Links & Glossary
Nuclear Med. Glossary I-O
The Nuclear Medicine Glossary by Richard Zimmerman, IBA Letters I to O
Number of new cases of a disease appearing during a certain period of time (usually one year).
Investigational New Drug (dossier) - dossier containing all data gathered so far and required to obtain the authorization to perform a clinical trial.
method of therapy by irradiation using a sealed radioactive source inserted into a natural cavity or implanted, temporarily or permanently, into the tissues. Synonym for curietherapy. Domain of the radiotherapist.
the emission of rays from a source placed inside a cavity: uterus, throat.
irradiation during a surgical operation.
(radiation): electromagnetic or corpuscular radiation capable of producing ions (positively or negatively charged atoms or molecules) directly or indirectly during its passage through matter. This transformation of the molecules is considered to be destructive and induces a biological change. X-, β+-, and γ-rays are considered weak ionizers compared with β-- and above all with α-rays.
exposure to radiation, without physical contact with the radioactive material; not to be confused with contamination in which there is a transfer of radioactive material. Once outside the radioactive field, the person is no longer exposed to the effects of the radiation.
All the atoms, the nucleid of which have the same number of protons, form a chemical element. There are 92 natural elements, to which 17 known artificial elements must be added. When a given number of protons are associated in an atom with different numbers of neutrons, they represent variant chemical elements called isotopes. In most cases only a few forms are stable; the other unstable forms are called radioisotopes or radionuclides. Of the 109 currently known elements, 28 exist only in an unstable, that is to say radioactive, form. This is the case for uranium, plutonium, and radium. There are more than 3,000 known radionuclides.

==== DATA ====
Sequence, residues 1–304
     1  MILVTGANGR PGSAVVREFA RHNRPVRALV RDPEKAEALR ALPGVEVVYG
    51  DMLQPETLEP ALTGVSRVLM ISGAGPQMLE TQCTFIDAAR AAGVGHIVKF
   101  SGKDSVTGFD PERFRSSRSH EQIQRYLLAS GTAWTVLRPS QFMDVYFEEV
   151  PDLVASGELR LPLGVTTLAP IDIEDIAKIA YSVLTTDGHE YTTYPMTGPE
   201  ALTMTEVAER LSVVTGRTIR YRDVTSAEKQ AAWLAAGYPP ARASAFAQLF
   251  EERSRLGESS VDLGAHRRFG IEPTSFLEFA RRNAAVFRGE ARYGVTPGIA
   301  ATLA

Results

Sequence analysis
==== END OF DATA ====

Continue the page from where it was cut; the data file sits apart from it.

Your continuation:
an entity (simple or complex) which, due to its radiation or its color, can be monitored in a complex biological system.
method of chemical fixation of a radioisotope on a non-radioactive molecule.
part of the molecule joining the vector to the central radioactive atom and which can also confer particular properties on the whole, such as better solubility or better ability to be absorbed by cells.
method of therapy by selective irradiation of a target zone by a molecule participating in the metabolism and labeled with a radioisotope, injected into the patient. Domain of the nuclear physician.
magnetic resonance imaging; another name for medical nuclear magnetic resonance.
New Drug Application - dossier containing all data generated during the development of a drug that has to be filed in order to obtain a Marketing Authorization.
a neutral elementary particle (with no electrical charge), a constituent of the nucleus of the atom together with the proton.
external radiotherapy using a neutron beam.
Oncology (or cancerology):
medical science covering the field of prevention, detection, and treatment of cancers.
substance that has been developed for a disease that is rare, an orphan disease, that would not be considered a high priority by industry without incentives. Depending on the country, a disease can be considered as an orphan if it affects less than 5 out of 10,000 individuals in the population.